Lord Nicholas Windsor, and Jesuit Father Richard Ryscavage.(Photo by Jean Santopatre/Fairfield University)
First Things, in which he says that legal abortion is a greater threat to Europe than Islamic terrorism.
Lord Nicholas Windsor, youngest son of England’s Duke and Duchess of Kent, appeared at Fairfield University on March 29 to reiterate his position and draw attention to what he called today’s most pressing moral issue since the end of World War II – abortion.
Stating that abortion is "the single most grievous moral deficit in our contemporary life," Lord Nicholas called for a "new abolitionism" in which abortion, like the slave trade, can be abolished.
Lord Nicholas, 40, who studied theology at Oxford University, is patron of the Right to Life Charitable Trust and the Catholic National Library in Great Britain.
The great-grandson of King George V of England, he is the second blood-member of the British royal family (following his mother, the Duchess of Kent in 1994) to become Catholic since King Charles II did so on his deathbed in 1685. The 2001 conversion caused him to permanently forfeit his place in the line of succession to the throne.
He and his wife, Lady Paola, currently live in Italy and have two children who were baptized at the Vatican. They also were the first royal couple to be married at the Vatican since the Reformation.
Noting that "choice is a very misused expression," he asserted that legalized abortion is "a cruel deceit" that has led to the "mass destruction of children."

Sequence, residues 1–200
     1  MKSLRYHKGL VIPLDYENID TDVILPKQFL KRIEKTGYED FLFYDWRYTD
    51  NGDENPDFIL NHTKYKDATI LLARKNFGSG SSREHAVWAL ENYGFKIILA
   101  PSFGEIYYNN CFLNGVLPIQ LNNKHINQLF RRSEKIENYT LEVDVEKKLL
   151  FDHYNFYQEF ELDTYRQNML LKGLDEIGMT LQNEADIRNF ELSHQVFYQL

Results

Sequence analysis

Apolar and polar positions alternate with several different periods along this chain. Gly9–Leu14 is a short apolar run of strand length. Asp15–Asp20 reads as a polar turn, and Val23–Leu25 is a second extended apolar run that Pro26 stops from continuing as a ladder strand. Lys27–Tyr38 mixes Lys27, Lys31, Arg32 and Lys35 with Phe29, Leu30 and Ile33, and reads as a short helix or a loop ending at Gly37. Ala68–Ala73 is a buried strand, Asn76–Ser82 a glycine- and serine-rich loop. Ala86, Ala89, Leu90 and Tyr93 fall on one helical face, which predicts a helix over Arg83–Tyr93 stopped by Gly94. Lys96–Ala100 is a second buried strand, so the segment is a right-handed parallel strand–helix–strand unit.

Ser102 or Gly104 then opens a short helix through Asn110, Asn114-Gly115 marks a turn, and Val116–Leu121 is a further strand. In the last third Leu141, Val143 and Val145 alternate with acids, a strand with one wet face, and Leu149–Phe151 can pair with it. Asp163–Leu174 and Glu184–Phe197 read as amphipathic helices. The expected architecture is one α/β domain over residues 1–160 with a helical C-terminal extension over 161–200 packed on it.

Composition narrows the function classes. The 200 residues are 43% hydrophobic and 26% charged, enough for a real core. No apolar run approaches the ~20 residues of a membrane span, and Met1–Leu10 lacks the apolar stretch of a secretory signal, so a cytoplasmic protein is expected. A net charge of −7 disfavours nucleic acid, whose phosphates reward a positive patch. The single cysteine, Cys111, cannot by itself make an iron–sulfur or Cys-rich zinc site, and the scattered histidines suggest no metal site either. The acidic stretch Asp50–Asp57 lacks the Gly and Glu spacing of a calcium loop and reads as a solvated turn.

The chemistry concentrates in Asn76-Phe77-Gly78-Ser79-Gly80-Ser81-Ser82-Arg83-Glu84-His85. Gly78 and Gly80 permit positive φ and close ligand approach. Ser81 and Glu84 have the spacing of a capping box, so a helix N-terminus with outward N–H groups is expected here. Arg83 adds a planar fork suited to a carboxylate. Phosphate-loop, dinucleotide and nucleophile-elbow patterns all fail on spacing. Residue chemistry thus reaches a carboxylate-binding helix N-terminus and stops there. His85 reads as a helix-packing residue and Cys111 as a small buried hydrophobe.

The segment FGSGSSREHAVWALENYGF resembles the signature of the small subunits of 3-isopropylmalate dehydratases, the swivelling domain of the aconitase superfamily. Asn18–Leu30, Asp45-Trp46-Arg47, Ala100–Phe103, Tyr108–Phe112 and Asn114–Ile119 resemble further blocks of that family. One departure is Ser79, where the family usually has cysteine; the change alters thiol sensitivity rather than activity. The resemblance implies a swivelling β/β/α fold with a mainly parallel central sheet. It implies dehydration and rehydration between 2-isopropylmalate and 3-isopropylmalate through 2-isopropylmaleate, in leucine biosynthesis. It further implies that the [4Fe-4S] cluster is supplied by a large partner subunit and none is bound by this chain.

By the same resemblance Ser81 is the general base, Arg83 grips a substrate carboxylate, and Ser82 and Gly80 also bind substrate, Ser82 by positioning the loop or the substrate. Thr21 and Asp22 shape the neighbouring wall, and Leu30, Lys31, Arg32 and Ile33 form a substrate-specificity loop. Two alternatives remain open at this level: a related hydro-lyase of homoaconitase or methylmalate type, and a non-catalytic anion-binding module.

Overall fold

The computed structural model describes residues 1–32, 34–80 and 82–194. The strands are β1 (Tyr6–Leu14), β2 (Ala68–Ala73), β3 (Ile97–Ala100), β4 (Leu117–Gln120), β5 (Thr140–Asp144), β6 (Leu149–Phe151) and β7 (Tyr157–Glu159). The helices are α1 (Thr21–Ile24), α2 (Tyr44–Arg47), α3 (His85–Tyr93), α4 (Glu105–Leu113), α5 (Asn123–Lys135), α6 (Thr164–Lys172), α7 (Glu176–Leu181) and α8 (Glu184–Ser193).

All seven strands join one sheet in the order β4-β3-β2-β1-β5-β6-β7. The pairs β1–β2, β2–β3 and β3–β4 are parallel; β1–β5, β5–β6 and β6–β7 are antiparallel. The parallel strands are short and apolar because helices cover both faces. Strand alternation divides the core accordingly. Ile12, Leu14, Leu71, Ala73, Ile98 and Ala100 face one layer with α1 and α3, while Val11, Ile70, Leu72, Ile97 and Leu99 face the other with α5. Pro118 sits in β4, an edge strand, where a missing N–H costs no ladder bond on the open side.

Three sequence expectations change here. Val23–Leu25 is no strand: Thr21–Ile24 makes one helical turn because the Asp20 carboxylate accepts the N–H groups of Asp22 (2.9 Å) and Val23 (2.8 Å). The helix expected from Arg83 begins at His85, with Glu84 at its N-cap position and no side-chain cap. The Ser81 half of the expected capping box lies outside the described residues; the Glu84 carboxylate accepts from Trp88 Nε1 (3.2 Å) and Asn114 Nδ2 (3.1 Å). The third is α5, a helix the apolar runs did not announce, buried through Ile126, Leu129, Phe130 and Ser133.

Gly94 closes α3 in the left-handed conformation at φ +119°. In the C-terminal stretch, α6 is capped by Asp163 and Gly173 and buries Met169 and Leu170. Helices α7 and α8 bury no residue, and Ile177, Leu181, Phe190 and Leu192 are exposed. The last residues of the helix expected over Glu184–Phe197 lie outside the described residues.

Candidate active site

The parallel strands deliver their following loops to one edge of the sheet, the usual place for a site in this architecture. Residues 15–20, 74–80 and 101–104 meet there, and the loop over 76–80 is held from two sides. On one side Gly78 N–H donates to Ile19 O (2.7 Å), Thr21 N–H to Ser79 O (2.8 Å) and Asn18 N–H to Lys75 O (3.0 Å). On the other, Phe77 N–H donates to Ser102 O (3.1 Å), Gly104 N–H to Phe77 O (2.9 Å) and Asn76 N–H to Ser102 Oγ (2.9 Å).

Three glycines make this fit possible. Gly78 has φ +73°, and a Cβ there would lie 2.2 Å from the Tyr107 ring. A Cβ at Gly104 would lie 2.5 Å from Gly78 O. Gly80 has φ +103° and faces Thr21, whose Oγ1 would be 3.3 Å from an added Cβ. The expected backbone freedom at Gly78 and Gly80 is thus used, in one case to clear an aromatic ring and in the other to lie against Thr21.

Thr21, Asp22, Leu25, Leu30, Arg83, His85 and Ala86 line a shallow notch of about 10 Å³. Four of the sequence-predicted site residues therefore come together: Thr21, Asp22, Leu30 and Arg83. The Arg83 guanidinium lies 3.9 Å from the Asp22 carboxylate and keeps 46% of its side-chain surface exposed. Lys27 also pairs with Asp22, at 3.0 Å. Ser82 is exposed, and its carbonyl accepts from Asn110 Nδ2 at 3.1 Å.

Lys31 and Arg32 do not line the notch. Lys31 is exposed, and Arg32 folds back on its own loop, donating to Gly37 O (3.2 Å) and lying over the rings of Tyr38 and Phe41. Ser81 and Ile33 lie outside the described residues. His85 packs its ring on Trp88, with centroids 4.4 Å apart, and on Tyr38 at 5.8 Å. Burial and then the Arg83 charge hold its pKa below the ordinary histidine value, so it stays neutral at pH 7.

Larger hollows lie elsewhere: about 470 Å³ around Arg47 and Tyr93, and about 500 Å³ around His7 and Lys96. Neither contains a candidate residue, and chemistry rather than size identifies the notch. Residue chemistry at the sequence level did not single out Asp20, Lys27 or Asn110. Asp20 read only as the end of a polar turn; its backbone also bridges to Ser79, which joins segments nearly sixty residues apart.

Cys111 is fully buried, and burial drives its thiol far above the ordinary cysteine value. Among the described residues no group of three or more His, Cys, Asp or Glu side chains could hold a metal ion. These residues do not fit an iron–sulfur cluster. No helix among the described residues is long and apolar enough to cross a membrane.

"It is truly a moral world turned upside down," he said, with the greatest irony being that the broad consensus is "in favor of one of the gravest and most egregious abuses of human rights that human society has ever tolerated."
However many strategic pressures our civilization faces, there’s a real moral priority here," he said. "What we are seeking is a revaluing of human life so that it may be as treasured and respected as the highest moral thought has perennially called for it to be."
U.S. Rep. Chris Smith of New Jersey was so inspired by Lord Nicholas’s article in First Things that he rose in the House of Representatives to have his commentary and the article, titled "Caesar’s Thumb," referenced in the Dec. 21, 2010, Congressional Record. Mr. Smith noted that the essay is applicable to those in the United States who mourn "or will mourn someday, killing over 53 million children by abortion since 1973."
Lord Nicholas’s talk was preceded earlier in the day by a lecture by his wife about her involvement in the creation of a memorial to the medieval shrines destroyed during the English Reformation.
Both events were sponsored by Fairfield University’s Center for Faith and Public Life, directed by Jesuit Father Richard Ryscavage.